In July of last year we launched the first application firewall built specifically for modern cloud native environments — Cloud Native Application Firewall (CNAF). We followed up on that release with our Cloud Native Network Firewall (CNNF) in September of last year, allowing customers to automatically microsegment their container environments using artifacts native to the container ecosystem, regardless of orchestrator. This month, we released the next evolution of Twistlock Cloud Native Application Firewall, version 2: CNAFv2.

With CNAFv2, we’ve expanded on the capabilities in the firewall bringing protection against a wider range of attacks against your application infrastructure. Twistlock now offers enterprise-grade protection against the following attacks: SQL injection, Cross-site scripting (XSS), Malformed request protection, Cross-site request forgery, Clickjacking, and Shellshock exploitation.

Why cloud native applications require a new approach

We’ve previously discussed how cloud native applications are different than legacy applications both in terms of the number of entities under management with monolithic applications being decomposed into multiple services; and how those entities are referenced, with a move away from the layer 3 addressing typically used to define an endpoint that you are protecting.

This change in how applications are delivered moves the security needs both up a layer in the technology stack and into the infrastructure being protected.

Let’s take a look at how this works in a cloud environment running microservices, and how it differs from traditional edge-based security tools:

  1. Every individual microservice and component can be protected in an application tailored way because Twistlock understands not just the traffic but the actual app itself.
  2. Twistlock can operate more efficiently and scale to greater demand because it closely aligns the protection characteristics to each specific app; our app knowledge allows us to create policies that are highly optimized for each specific component based on the machine learning driven model we begin building all the way back in the CI process.
  3. Twistlock can protect your apps without you having to change anything about the way you build and run them — your Dockerfiles, images, Kubernetes configurations, and other artifacts all stay exactly the same.
  4. Twistlock can protect your app anywhere it runs, regardless of the underlying networking topology and without requiring any perimeter devices; every node runs a highly optimized and tailored app firewall within Defender that’s self contained and doesn’t require any ingress devices or service layers.

An example attack scenario

Let’s take a look at how this works in a microservices application running on Kubernetes. In this example, Twistlock has automatically learned about the the application by observing how the microservices are composed and deployed. We have an understanding of how our application is composed and what connectivity should exist between the individual services. Twistlock uses this knowledge in Twistlock Runtime Protection and in Twistlock Cloud Native Network Firewall.

For this example, I’ll configure a rule to protect the “front-end” service in our application. The front-end service is what listens for http requests from the internet, and I want to make sure those requests are filtered regardless of where containers in the front end service are spun up.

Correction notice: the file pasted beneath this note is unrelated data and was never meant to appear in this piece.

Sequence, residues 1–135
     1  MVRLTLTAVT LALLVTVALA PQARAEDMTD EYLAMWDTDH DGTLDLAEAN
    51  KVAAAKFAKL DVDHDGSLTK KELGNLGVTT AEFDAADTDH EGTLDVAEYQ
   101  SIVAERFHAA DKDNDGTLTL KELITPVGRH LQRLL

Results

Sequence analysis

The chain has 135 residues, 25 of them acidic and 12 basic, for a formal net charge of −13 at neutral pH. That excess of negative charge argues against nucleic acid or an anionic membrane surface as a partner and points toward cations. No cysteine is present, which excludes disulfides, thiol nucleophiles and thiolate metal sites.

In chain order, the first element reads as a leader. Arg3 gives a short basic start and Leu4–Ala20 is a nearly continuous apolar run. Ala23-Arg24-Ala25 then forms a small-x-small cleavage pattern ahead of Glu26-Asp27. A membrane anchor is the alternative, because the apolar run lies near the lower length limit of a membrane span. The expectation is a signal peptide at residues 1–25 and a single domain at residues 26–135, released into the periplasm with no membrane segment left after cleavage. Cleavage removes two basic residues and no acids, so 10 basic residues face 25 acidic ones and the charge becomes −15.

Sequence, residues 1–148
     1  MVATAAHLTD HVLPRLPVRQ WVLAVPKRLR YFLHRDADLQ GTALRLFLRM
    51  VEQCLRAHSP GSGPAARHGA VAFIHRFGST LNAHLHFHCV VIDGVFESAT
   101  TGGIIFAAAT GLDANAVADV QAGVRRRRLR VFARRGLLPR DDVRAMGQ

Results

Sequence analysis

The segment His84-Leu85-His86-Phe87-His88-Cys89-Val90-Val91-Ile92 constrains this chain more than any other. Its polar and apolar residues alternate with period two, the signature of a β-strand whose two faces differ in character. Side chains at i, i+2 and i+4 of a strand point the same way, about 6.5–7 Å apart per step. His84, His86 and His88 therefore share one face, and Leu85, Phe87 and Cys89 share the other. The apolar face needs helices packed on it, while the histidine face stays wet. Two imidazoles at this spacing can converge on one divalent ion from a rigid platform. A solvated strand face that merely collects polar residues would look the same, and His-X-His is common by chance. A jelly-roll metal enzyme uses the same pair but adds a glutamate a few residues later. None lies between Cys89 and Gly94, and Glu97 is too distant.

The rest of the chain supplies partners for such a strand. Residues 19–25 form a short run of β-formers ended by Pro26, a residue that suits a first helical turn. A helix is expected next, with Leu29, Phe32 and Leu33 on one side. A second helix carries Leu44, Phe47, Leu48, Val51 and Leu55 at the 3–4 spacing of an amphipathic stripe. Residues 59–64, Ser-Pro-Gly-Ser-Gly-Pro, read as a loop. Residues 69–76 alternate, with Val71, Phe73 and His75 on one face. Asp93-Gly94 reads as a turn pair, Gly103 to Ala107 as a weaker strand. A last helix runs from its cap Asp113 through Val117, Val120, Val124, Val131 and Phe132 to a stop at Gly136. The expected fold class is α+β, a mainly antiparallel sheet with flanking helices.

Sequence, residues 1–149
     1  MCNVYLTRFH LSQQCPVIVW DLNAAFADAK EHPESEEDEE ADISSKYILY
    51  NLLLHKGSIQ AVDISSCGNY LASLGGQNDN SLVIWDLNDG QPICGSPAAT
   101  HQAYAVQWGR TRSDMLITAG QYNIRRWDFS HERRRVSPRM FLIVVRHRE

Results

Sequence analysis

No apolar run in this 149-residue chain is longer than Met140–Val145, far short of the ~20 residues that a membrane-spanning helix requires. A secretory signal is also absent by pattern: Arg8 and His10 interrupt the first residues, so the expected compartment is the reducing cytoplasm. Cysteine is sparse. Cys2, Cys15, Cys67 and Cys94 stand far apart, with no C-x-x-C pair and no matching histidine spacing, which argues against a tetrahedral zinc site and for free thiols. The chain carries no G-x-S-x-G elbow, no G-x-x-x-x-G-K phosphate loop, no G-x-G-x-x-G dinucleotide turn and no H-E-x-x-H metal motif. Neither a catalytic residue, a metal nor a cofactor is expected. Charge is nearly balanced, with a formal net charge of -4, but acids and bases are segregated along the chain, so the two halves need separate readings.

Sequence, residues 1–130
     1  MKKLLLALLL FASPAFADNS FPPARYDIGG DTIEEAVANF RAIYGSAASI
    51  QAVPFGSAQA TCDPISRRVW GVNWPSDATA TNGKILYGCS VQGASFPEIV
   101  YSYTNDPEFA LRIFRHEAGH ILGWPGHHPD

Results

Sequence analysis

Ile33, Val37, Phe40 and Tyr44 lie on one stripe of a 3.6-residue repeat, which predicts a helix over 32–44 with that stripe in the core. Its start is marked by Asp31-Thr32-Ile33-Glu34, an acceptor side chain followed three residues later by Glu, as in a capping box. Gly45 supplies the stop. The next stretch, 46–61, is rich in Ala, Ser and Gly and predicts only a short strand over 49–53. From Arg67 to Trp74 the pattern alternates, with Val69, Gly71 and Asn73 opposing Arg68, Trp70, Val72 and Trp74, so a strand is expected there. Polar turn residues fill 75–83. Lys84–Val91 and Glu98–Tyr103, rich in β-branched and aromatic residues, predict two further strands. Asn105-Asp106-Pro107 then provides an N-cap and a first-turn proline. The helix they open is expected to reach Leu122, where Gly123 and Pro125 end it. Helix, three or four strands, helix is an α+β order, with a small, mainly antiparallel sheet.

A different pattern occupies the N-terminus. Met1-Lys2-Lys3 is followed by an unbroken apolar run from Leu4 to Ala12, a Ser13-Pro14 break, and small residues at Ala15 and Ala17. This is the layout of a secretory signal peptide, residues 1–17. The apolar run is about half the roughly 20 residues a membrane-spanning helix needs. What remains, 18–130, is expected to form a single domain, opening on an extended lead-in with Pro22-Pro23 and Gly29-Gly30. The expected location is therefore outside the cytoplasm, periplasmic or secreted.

Now that I’ve configured this rule and assigned it to the image, no matter where Kubernetes spins up a front-end container, Twistlock will defend this service.

When we attempt to exploit the service, Twistlock will identify, alert on, and block a variety of attack types. Below you can see where I’ve launched a few attacks against the front-end service.

In this example above, we’ve attempted a directory traversal attack. Twistlock alerted on and blocked the attack. Below, let’s look at the detail level available from the audits associated with some of these attacks:

When a CNAF rule is configured to block traffic, the request never makes it to the container we’re protecting. Twistlock Defender drops the request, and the error message below is sent back to the requestor.

This fairly simple example really shows the power of CNAF. With a single rule I created in one place, I was able to automatically protect containers running across nodes, with different IP addresses, with protection closely aligned to the specific service running. For customers, this means it’s much easier to provide protection for your apps wherever they run with purely software-defined tooling.

In addition to blocking traffic based on our built-in filtering logic, CNAF also enables you to create your own custom filtering rules using both HTTP headers and IP ranges (in CIDR notation). CNAF gives you the ability to restrict file upload types and prevent information leakage to a potential attacker.

We also use our Twistlock Advanced Threat Protection (TATP) data within CNAFv2. TATP is a collection of IP reputation lists and malware signatures that we’re constantly updating in real time via the Intelligence Stream with data from our research team and global sensor network. For CNAF, Twistlock automatically filters inbound traffic from reputation lists that include Tor exit nodes, DDoS nodes, and botnet members.

CNAF, when combined with the Twistlock lifecycle approach to vulnerability management, compliance, and runtime defense, provides a comprehensive and integrated approach to securing workloads designed to be run in the cloud, regardless of cloud provider or underlying infrastructure. To learn more about other Twistlock features and capabilities, please see our deep dives below:

← Back to All Posts Next Post →